Wearable technologies help chemical processors improve productivity and safety of workers
Wearable technologies – cameras, tablets and other devices loaded with applications (apps) and software that can be attached to the body or personal protective equipment (PPE) – are catching on in the chemical process industries (CPI) because they provide an efficient way to increase productivity and enhance safety for maintenance technicians and field operators.
Technology drives trends
While the concept is not new, as wearables have been available for years, the technology has dramatically improved, making them more user-friendly, feature-rich and suitable for hazardous environments than previous iterations, opening avenues for use in a variety of industrial applications. Wearables are being applied to enhance maintenance and operator activities by providing digital libraries of necessary documents and over-the-shoulder coaching, and are improving worker safety by supplying location, health and other information about the wearer in an effort to assist with emergency response, mustering and access control.
"Three factors are making wearable technologies more prevalent today: improved devices, the ability to design end-to-end, integrated solutions and better connectivity options," explains Tracey Countryman, managing director and global lead for Industry X.0 Digital Manufacturing and Operations at Accenture (London, U.K.). "In the past, the devices were clunky, not suitable for industrial or hazardous environments and were often carried in a heavy metal container that had to be strapped on. However, they've come a long way toward reconciling themselves for the industrial environment. Today's versions are lightweight, durable and have better enclosures, so they can be certified for use in hazardous environments and are available at a better price point."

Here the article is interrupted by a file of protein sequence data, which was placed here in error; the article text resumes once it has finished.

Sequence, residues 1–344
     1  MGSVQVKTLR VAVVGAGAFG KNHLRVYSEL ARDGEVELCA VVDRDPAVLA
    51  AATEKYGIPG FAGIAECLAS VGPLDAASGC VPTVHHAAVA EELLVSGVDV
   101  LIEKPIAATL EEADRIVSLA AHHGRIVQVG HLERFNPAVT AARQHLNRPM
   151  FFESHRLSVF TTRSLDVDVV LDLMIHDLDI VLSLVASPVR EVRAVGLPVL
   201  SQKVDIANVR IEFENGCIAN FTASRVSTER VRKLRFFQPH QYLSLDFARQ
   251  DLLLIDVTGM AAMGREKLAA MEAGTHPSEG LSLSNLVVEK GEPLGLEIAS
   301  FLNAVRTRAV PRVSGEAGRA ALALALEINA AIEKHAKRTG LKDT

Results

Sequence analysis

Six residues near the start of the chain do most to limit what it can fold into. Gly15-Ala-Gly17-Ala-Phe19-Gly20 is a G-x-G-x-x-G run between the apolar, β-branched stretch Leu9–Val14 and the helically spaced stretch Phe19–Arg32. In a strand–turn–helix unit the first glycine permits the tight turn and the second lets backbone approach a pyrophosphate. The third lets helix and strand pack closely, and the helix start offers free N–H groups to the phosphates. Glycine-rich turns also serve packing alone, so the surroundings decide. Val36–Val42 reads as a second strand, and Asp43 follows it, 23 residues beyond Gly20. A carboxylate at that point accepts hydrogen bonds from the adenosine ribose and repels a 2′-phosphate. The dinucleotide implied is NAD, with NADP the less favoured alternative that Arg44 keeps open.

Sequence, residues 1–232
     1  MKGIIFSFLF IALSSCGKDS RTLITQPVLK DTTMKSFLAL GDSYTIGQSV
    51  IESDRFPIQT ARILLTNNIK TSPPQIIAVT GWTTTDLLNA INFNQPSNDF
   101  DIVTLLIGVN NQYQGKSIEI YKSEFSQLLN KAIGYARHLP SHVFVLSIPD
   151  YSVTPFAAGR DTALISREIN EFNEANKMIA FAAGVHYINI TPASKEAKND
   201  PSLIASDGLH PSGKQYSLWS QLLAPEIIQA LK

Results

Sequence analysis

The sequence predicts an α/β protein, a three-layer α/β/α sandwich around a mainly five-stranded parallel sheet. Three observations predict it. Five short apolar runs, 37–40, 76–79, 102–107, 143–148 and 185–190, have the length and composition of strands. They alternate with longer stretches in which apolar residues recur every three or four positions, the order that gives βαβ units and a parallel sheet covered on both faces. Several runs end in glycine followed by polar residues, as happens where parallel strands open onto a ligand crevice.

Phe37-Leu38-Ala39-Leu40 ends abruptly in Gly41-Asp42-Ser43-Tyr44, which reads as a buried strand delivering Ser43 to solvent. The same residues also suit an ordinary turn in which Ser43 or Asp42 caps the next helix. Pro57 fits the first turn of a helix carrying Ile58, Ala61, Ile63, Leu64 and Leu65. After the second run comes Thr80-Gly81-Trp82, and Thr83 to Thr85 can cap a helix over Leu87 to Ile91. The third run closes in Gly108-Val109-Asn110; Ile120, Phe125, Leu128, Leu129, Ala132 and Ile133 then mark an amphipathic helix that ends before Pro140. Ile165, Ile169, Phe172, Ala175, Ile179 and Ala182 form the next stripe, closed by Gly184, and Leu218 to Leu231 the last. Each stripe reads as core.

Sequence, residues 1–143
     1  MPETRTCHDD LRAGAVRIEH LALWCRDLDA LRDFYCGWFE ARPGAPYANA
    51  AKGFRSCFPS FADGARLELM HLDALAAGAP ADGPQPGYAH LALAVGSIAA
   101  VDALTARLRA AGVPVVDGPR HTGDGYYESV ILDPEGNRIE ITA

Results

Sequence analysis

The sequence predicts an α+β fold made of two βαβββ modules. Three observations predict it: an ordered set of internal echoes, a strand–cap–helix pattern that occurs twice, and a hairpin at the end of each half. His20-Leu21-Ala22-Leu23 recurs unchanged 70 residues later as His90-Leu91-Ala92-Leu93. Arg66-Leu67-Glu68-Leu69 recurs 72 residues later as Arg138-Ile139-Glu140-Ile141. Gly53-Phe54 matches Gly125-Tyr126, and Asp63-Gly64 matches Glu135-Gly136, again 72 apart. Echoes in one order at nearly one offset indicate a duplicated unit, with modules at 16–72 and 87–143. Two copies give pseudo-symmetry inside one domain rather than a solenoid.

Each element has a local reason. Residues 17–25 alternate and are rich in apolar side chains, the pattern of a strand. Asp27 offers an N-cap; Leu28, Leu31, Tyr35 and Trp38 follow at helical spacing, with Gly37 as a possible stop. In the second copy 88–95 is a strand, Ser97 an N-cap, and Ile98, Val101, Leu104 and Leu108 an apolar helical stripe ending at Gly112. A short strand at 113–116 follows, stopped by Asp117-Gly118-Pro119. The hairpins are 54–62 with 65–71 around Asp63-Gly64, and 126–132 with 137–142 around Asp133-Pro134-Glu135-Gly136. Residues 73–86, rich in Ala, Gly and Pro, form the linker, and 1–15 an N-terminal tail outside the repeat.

She adds that by leveraging the newest technologies to build more customized, end-to-end integrated software solutions, facilities are able to digitize the entire work process and load it into a device where workers can access documents, instructions, training videos, work orders and the like via apps and voice commands. The third component is connectivity. "Three to four years ago, only a few plants had WiFi, but now more facilities are employing WiFi for pervasive connectivity. Bluetooth is also widely used and 4G and 5G technologies are available at lower costs, making connectivity a much less expensive, more viable and easier-accessed prospect in industry than ever before," notes Countryman. "These three factors are driving the adoption of wearable technologies for industrial use."
And, statistics demonstrate the anticipated growth. "The Industry 4.0 market opportunity is currently worth $110 billion by total economic value, with Accenture estimating that the industrial internet of things (IIoT) could impact 46% of the global economy, estimated at $14 trillion, by 2030. In the connected worker space, wearable technology and wearable sensor devices alone is growing at a predicted 13.1% compound annual growth rate and is estimated to reach $4.3 billion in the next 20 years," says Mark Bernstein, CEO of Wearable Technologies, Ltd. (Leicestershire, UK), quoting from an Accenture Industrial Internet of Things Positioning Paper Report.